Is there any way to keep online identities and the content of email communications hidden?
Clearly, covering one's tracks is tough to do, as demonstrated by David Petraeus, the highly decorated general who last year became director of the CIA. Notably, his affair with Paula Broadwell -- hardly a national security matter -- came to light this week after the FBI found that the couple was using a Gmail account to communicate.
Still, for the director of a U.S. intelligence agency to have been caught in this manner is, frankly, a security embarrassment. Rather than using a VPN to mask their IP addresses or encryption to scramble the contents of their messages, or simply avoiding email altogether, Petraeus and Broadwell communicated using saved Gmail drafts. Having gone to the trouble to hide what they were doing, why didn't they find a more secure communications mechanism?
Then again, no amount of hiding their online tracks may have helped foil determined investigators. Even supposedly master hackers have been identified after just one small misstep.
[ Seems it's getting harder to maintain your privacy. See Google Says Government Surveillance Growing. ]
Consider the example of LulzSec leader Sabu -- real name, Hector Xavier Monsegur. He reportedly failed to mask his IP address just once or twice before logging into an IRC chat room, which ultimately allowed the FBI to pinpoint his real IP address and then identity. Meanwhile, Backtrace Security also found, hidden in a LulzSec chat file, a domain name that led to a subdomain that mirrored a page where Monsegur had posted a picture of his beloved Toyota AE86.
Seeing so-called security experts commit basic information security errors isn't a new occurrence. Arguably, it even led to the rise of the Anonymous hacktivist collective. According to journalist Parmy Olson's book We Are Anonymous, the collective had lost steam after its Church of Scientology and PayPal exploits. Then HBGary Federal CEO Aaron Barr launched a PR stunt meant to drum up business, publicly boasting that he would soon unveil the identities of key Anonymous players. That led the key players, including Sabu, to see just what Barr knew -- he turned out to not have identified them at all -- as well as make a lesson of him to any other would-be Anonymous enemies.
As Olson recounts, Sabu scanned the HBGary Federal website and found -- ironically, for an information security firm -- that it was built using a commercial content management system that contained a known vulnerability. Using a SQL injection attack, the hacktivists retrieved a list of HBGary employees' usernames and passwords, although the latter had been hashed using MD5. While that temporarily stymied Sabu -- the group was still sharpening its technical skills -- he uploaded three of the passwords to the hashkiller.com forum. Its members quickly cracked the hashes and shared the plaintext passwords, including Barr's work password, which was "kibafo33."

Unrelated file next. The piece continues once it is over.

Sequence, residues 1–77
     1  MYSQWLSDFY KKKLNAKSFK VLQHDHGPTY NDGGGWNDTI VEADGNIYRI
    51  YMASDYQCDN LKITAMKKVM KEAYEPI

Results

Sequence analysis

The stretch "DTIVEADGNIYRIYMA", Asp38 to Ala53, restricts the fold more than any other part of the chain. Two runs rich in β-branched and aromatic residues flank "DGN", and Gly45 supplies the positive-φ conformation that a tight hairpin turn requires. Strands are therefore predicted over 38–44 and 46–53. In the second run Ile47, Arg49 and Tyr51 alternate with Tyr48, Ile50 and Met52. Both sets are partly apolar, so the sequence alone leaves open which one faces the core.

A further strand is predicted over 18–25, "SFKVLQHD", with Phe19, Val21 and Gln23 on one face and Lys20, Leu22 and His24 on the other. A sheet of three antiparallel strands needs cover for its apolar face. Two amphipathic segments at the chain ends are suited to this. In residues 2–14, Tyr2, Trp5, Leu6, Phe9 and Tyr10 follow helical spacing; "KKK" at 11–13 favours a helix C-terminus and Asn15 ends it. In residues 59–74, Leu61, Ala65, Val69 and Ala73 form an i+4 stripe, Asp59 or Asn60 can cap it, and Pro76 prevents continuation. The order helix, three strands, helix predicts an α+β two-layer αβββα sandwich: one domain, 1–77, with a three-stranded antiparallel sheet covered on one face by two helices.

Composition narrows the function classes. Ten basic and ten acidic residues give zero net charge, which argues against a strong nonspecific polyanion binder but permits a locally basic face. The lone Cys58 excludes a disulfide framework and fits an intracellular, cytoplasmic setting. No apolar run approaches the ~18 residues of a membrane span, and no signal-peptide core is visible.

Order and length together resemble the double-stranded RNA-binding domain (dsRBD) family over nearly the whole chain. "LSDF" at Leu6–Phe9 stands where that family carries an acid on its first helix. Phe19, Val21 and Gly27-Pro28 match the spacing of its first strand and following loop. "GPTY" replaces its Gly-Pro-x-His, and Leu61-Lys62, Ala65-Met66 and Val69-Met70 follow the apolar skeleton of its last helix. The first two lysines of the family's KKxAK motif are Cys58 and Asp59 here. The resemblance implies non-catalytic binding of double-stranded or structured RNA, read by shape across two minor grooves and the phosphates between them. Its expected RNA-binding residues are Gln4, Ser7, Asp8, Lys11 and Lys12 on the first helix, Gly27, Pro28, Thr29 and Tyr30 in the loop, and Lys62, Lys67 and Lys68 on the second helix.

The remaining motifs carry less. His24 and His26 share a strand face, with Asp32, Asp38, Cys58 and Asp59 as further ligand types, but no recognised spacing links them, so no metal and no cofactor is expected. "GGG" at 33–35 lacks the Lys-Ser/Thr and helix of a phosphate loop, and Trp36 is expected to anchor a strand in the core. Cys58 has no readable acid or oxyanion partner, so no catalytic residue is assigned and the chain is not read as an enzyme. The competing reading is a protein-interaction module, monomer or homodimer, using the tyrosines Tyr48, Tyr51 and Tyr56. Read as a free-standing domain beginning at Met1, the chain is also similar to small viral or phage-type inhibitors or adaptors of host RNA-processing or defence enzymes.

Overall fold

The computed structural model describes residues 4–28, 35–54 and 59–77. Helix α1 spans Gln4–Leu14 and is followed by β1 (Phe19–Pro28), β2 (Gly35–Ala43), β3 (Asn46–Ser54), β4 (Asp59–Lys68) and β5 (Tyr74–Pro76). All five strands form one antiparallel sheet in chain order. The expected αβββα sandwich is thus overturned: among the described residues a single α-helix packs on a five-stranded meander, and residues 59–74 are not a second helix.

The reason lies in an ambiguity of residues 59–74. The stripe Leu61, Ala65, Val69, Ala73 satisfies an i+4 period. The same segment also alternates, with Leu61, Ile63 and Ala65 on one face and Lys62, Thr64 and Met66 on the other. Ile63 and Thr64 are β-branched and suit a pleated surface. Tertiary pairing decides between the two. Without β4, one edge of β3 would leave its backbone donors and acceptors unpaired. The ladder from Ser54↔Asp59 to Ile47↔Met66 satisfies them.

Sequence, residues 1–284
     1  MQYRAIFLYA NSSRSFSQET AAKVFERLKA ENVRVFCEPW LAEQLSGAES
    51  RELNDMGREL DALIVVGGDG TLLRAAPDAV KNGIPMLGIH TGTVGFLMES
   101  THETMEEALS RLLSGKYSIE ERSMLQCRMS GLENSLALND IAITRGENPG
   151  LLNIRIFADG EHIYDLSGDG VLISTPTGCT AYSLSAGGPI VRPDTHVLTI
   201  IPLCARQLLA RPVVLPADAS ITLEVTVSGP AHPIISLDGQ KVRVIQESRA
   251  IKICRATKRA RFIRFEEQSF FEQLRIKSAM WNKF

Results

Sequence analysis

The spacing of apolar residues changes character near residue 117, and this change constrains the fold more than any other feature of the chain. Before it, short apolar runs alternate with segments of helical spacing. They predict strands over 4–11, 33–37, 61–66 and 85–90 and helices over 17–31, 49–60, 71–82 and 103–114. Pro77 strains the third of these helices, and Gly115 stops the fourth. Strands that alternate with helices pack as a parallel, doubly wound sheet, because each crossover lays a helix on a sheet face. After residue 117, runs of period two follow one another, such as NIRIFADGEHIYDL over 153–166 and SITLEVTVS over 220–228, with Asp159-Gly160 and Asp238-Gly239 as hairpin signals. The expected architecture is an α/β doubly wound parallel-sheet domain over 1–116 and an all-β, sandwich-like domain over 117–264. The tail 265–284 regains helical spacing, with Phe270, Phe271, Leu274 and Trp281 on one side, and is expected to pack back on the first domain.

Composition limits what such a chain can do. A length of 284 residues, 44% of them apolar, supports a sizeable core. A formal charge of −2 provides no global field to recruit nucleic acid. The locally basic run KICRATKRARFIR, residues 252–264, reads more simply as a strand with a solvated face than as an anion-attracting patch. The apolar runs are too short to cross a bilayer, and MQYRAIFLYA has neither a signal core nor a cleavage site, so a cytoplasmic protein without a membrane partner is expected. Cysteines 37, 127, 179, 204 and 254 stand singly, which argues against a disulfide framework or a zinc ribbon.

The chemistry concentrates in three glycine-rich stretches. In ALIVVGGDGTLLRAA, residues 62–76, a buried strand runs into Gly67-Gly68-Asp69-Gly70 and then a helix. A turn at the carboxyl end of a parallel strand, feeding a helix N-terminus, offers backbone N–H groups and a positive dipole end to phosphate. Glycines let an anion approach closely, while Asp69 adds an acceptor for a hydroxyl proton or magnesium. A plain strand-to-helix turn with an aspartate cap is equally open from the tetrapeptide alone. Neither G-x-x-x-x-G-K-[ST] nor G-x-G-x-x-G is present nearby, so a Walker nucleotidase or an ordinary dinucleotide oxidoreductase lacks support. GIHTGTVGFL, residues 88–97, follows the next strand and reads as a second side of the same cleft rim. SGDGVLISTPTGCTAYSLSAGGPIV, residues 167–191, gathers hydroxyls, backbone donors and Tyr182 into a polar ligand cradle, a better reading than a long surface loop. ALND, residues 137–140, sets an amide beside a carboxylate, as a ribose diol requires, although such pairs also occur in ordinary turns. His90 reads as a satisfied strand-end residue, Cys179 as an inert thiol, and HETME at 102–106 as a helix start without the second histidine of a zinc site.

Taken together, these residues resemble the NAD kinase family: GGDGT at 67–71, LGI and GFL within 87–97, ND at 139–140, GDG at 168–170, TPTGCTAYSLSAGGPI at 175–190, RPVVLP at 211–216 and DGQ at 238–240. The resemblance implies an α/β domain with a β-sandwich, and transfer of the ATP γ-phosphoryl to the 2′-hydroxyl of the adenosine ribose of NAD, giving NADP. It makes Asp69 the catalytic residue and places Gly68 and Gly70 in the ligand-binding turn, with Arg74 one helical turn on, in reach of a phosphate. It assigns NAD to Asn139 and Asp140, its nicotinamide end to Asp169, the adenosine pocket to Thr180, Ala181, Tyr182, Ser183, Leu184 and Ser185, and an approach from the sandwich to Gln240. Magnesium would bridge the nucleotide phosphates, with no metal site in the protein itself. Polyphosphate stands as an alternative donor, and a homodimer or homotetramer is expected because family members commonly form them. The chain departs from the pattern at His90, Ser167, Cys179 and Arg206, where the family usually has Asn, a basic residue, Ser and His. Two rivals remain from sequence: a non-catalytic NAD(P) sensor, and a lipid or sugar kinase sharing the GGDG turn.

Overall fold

The hackers then tested whether Barr's password worked for any of his other website accounts. Remarkably, Barr, a self-described information security expert, had reused his work password on numerous sites -- including Facebook, Flickr, Twitter, Yahoo as well as World of Warcraft. On Super Bowl Sunday 2011, Anonymous owned those accounts and began issuing vulgar tweets in Barr's name and providing links to a torrent file containing over 70,000 HBGary emails that it had surreptitiously copied and deleted from the company's servers.
Compared to the HBGary episode, Petraeus' Gmail missteps -- still surprising for the head of an intelligence agency -- appear less galling. In the end, however, his story isn't just about the startling ease with which one's supposedly hidden communications or identity can be uncloaked, our country's poor privacy protections or an investigation that should never have begun. Rather, it's also about human errors.
Namely, Broadwell was jealous of Jill Kelley, a married Tampa socialite who volunteers with wounded veterans and military families, and her friendship with Petraeus, which she saw as a threat. So Broadwell sent threatening emails to Kelley, who passed them to FBI agent Frederick W. Humphries II, which triggered the investigation. Given that Broadwell, who was married, was having an affair with the director of the CIA, shouldn't more discretion have been the order of the day?
With information security--as in life--the biggest wildcard remains the human factor.